Advent Meditations “Forgiveness”
What would it be like to go to a ballgame and be the “official score keeper” but you only watch one team?
Imagine, let’s say a football game . . . the opposing/visiting team scores a touchdown but no score goes on the board. The home team scores, the score gets recorded, and the game continues.
The visiting team has an interception, it’s a phenomenal play, they run it all the way down the field to score again, and still – no score goes on the board.
The opposing team actually continues to play masterfully, executing passes, blocks, and continues to score but it never gets recorded.
The home team ends up winning the game according to the scoreboard, but in fact, they won nothing at all.
Oftentimes this is what it is like when we engage in conflict with one another. We keep a scorecard . . . and the scores we keep adding up are all in our favor. We never stop to take a look at things from their perspective. We never give them credit for what they are bringing to “the game.”
One thing I shared Sunday in the message that is important for us to always remember, “keeping a scorecard doesn’t make you strong. It makes you bitter.”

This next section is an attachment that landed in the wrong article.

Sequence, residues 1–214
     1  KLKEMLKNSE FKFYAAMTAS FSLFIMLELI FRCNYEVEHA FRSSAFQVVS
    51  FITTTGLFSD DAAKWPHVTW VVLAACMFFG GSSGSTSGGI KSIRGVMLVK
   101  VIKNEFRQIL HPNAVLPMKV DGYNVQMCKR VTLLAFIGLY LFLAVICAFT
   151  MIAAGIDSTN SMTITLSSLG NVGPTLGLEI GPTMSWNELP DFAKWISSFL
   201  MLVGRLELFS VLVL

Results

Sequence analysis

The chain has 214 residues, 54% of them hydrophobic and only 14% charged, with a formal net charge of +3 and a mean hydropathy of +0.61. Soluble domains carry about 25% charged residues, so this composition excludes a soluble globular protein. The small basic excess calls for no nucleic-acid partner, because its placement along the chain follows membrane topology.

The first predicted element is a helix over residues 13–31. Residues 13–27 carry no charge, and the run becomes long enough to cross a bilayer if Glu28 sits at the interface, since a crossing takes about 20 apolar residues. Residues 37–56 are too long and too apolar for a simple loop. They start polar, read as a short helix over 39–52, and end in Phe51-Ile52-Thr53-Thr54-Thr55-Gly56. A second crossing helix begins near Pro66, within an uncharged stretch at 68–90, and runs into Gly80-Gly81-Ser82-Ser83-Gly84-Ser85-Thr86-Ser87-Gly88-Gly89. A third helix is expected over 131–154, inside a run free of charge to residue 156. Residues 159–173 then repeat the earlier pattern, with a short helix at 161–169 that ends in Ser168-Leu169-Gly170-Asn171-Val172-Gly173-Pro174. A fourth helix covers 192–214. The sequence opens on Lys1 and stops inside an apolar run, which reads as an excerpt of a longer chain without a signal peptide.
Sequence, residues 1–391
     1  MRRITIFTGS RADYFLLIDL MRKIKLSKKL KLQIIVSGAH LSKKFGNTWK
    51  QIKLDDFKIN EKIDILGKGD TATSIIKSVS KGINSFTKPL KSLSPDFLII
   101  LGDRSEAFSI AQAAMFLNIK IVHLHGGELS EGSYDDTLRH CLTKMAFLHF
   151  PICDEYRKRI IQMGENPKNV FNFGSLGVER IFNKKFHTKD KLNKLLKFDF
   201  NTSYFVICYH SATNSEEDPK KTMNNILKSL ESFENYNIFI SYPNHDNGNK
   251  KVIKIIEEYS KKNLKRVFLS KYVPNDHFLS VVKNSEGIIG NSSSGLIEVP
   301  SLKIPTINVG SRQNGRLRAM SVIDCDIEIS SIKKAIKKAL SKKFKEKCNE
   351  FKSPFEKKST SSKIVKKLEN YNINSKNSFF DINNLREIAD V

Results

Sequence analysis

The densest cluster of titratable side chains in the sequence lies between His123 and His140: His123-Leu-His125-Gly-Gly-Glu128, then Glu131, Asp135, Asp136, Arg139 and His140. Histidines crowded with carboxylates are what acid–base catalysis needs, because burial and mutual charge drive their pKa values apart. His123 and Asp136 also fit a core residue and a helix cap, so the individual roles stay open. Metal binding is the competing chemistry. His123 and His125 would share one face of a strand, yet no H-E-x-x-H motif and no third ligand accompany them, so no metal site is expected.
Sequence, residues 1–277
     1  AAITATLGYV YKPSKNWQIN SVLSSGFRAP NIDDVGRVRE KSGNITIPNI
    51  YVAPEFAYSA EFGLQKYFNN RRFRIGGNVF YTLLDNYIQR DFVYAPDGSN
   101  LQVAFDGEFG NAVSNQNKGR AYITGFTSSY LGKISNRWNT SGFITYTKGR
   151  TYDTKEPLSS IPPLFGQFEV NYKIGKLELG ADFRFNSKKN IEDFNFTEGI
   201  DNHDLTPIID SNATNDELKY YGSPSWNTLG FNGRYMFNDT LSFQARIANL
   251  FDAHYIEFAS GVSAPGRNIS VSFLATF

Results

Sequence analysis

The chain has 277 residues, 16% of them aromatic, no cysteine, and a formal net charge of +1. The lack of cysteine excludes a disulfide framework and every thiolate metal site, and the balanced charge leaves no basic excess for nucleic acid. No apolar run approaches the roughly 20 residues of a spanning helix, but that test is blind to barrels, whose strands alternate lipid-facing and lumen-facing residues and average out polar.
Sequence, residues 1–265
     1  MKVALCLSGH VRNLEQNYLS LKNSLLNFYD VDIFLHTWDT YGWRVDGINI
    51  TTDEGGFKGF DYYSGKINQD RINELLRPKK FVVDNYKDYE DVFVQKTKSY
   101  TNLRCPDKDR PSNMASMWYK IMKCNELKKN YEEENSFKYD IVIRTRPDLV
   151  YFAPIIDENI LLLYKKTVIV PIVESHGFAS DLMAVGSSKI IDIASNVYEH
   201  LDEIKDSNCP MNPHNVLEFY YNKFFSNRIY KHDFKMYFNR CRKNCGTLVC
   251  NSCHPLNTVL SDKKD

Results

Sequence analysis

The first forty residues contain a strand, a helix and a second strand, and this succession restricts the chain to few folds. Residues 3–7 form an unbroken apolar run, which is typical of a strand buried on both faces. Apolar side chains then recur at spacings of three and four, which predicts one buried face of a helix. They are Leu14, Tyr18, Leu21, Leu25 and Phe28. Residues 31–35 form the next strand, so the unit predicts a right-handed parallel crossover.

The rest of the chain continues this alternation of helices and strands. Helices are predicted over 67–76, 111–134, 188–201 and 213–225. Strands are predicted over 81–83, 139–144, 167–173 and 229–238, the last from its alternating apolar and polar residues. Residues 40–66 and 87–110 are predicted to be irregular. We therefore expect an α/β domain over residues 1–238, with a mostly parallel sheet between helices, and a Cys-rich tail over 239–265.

When we keep score, we feel powerful and in control. It justifies our feelings.
Remembering how many times the “offending party” did something that we didn’t like, something that hurt us.
And instead of having a conversation with them about it, we just keep “keeping score.” Bitterness and resentment build, and the other person is never given a chance to even earn a score.
Finally, the game is over. It explodes, damage is done with words and actions and it is sometimes difficult to recover.
As followers of Jesus, the last thing we need to focus on is keeping score.
When Peter asked Jesus, “How many times do I forgive? Seven?” He thought he was being generous with his forgiveness and grace. Jesus’ replied, “Hardly! Seventy times seven” which means – infinitely.
In life, there is no room for keeping score.
What scores do you need to level today?
Grace and Peace,